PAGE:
Those types of disputes are “what we’re trying to avoid happening now,” said Annie Hawkins, executive director of the Responsible Offshore Development Alliance, or RODA. The coalition of fishing stakeholders aims to get the industry on the same page as researchers and wind developers across the region. “We’re trying to make sure fishermen are much more involved in the process from day one,” Hawkins said. She’d like to see more work across state lines to coordinate policy and research.
The conflict stems from the vacant-land myth: the notion that there’s plenty of unused land out there in flyover country that’s ready and waiting to be covered with wind turbines, solar panels, power lines and other infrastructure. The truth is that growing numbers of rural and suburban landowners are resisting these types of projects. They don’t want to endure the noise and shadow flicker produced by 500- or 600-foot-high wind turbines. Nor do they want miles of transmission lines built through their towns, so they are fighting to protect their property values and views.
Energy produced by the turbines will be sold under long-term power purchase agreements ...The project’s completion comes despite significant pushback, with opponents saying it could disrupt wildlife habitat, intrude on scenic views, cause too much noise and lower property values.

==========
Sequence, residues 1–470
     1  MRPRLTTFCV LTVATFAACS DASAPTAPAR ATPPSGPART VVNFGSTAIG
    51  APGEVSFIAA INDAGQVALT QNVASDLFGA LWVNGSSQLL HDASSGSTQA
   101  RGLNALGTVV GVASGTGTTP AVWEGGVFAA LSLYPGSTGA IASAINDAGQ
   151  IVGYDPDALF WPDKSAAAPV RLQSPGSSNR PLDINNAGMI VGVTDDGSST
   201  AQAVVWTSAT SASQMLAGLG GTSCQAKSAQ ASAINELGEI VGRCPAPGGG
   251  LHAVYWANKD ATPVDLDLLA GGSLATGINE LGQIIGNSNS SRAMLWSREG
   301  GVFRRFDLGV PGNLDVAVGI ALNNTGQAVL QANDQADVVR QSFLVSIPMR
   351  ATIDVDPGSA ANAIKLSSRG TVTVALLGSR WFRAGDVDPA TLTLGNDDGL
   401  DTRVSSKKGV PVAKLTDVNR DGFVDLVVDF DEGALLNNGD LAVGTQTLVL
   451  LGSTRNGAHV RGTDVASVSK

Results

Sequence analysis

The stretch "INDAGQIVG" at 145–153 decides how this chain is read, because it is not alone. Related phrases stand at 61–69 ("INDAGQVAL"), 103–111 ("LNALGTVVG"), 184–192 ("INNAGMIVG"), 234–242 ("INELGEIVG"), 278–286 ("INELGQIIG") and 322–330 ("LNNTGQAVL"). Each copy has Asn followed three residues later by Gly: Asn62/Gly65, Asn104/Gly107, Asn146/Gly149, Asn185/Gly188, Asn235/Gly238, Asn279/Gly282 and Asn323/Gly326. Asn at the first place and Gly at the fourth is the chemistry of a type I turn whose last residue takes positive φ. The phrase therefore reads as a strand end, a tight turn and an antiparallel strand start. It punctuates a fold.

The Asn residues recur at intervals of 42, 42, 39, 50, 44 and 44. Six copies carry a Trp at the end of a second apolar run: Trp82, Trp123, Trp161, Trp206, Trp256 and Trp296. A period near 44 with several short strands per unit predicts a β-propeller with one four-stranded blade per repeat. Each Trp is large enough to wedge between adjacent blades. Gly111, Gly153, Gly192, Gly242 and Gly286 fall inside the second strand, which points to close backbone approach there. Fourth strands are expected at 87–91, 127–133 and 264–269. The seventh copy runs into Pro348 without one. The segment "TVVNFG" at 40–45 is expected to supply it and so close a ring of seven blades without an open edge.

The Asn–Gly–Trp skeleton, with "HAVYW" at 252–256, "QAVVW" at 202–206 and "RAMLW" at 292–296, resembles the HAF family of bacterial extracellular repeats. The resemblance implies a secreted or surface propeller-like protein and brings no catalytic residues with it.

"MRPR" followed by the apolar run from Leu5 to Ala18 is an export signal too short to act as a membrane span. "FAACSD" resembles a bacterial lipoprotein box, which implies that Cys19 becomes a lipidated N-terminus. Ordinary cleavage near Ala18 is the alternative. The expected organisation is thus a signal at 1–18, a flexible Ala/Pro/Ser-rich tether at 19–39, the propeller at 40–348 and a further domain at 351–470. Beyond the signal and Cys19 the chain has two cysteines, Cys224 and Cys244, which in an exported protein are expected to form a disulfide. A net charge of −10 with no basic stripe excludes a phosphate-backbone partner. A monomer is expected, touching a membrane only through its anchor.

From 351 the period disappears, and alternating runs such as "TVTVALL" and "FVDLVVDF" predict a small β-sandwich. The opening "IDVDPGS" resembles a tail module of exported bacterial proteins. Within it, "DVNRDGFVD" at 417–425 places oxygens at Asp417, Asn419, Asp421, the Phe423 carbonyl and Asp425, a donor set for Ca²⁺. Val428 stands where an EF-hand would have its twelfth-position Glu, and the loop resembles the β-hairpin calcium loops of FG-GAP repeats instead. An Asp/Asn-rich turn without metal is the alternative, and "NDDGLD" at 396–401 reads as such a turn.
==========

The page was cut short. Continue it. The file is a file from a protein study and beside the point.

Opposition to the proposed industrial-scale lithium-ion battery energy storage system (BESS) at the dead end of Foster Hill Road has grown fiercer. On Tuesday, the roughly 100 residents turning out to the Littleton Opera House put both the applicant and the Zoning Board of Adjustment on the hot seat during a public hearing that was again continued, until March 24. ...The system would store electrical energy using specialized battery store containers and would go on 13 of the 27 wooded acres owned by Aaron Scott DeAngelis, who would lease the site to LITUS. The utility-scale batteries, in 96 containers, each 40-feet-long and 8-feet-wide and spaced 15 feet apart, would be charged at night at a lower price, temporarily stored, and sold back to the electric grid as needed at higher price.